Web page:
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Grab and Parse HTML Data Through POST in C#

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4.94 (16 votes)
16 Oct 2015CPOL
The article introduces a complete C# solution to grab Html data through POST request from remote server and extract fields from the Html source through parsing its DOM structure.


It is a fundamental skill to extract data from formatted or unformatted data sources and make further processing. A typical case is, access a website, grab Html pages and get some useful information. The basic steps to accomplish this are:

  1. Create http request to grab html data
  2. Extract information from HTML code
  3. Process dump data to local database for further processing


There are two fundamental ways to retrieve data from Internet through HTTP: GET and POST. Most websites support GET method to return data. You can simply initiate a GET request by entering the URL in browsers. However, some websites considering security issues or length restriction of request parameters only accept POST method to return data.

For instance, MSDN blog search form supports POST requests:

Image 1

Another example is tracking the status of deliveries. Due to the reason of dealing with sensitive data, carriers either provide public web services to allow users to retrieve data, or only provide online query by submitting a form using POST. In order to grab the information, we have to simulate a POST request and parse the returned Html data to extract the details.

Image 2

Using the Code

In this tutorial, you grab tracking event logs from Here are the steps:

  1. Create an ASP.NET Web Forms project
  2. Add a web form with two textboxes, one button, two labels and a gridview. You will use gridview to display the results.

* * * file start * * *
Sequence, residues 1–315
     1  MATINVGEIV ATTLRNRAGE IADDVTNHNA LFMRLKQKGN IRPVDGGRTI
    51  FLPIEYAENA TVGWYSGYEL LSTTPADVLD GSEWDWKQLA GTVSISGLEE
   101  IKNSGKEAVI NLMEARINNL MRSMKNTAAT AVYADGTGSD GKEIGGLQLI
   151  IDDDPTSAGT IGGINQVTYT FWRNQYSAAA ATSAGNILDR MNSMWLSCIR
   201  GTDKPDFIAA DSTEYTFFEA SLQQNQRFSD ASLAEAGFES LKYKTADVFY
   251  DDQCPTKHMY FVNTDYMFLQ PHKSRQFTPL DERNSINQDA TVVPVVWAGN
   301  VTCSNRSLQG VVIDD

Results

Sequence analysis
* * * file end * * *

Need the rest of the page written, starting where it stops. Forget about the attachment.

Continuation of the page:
Image 3

  3. Double click button and implement event handler:
    protected void btpParse_Click(object sender, EventArgs e)
        String website = txtWebsite.Text;
        String param = txtParam.Text;
        String htmlData = GrabHtmlData(website, param); // to be implemented
        if (htmlData != null)
            lblGrabResult.Text = "Size of html data: " + htmlData.Length + " characters";
            List<EventLog> logs = ParseData(htmlData); // to be implemented
            lblParseResult.Text = "Count of items: " + logs.Count;
            // bind results to gridview
            gvParseResult.DataSource = logs;
            lblGrabResult.Text = "Failed to grab html data";

    Here, you define a class EventLog to save event logs.

    public class EventLog
        public DateTime EventDate { get; set; }
        public String EventName { get; set; }
        public String EventLocation { get; set; }
        public override string ToString()
            return EventDate + " " + EventName + " " + EventLocation;
  4. Implement GrabHtmlData() and ParseData() methods.

    1. Grab Html Data

    There are multiple ways to send POST request. You could use 3rd-party tools such as Fiddler, Postman to create POST requests. You can also create POST requests programmatically. In C#, WebRequest and WebClient classes from System.Net namespace allow you to do this. 

    Way1 to get Html Data - via HttpWebRequest

    // create http request
    HttpWebRequest request = WebRequest.CreateHttp(website) as HttpWebRequest;
    // set post
    request.Method = "POST";
    request.KeepAlive = false;
    request.ContentType = "application/x-www-form-urlencoded";
    // add post data
    string postData = "pro=" + param;
    byte[] byteArray = Encoding.UTF8.GetBytes(postData);
    request.ContentLength = byteArray.Length;
    using (Stream stream = request.GetRequestStream())
        stream.Write(byteArray, 0, byteArray.Length);
    // get response
    var response = request.GetResponse() as HttpWebResponse;
    using (var stream = response.GetResponseStream())
        StreamReader reader = new StreamReader(stream);
        return reader.ReadToEnd();

    Way2 to get Html Data - via WebClient

    private string GrabHtmlDatabyWebClient(string website, string param)
        using (var client = new WebClient())
            // create post parameters
            var values = new NameValueCollection();
            values["pro"] = param;
            // get response
            var response = client.UploadValues(website, values);
            return Encoding.Default.GetString(response);

    2. Parse Html data

    There are multiple ways to extract data from Html document in C#.

    Way1 - via HtmlDocument

    .NET contains HtmlDocument, HtmlElement and HtmlNodeCollection classes (under System.Windows.Forms namespace) to parse Html page. HtmlDocument provides basic DOM methods like GetElementById() and GetElementsByTagName().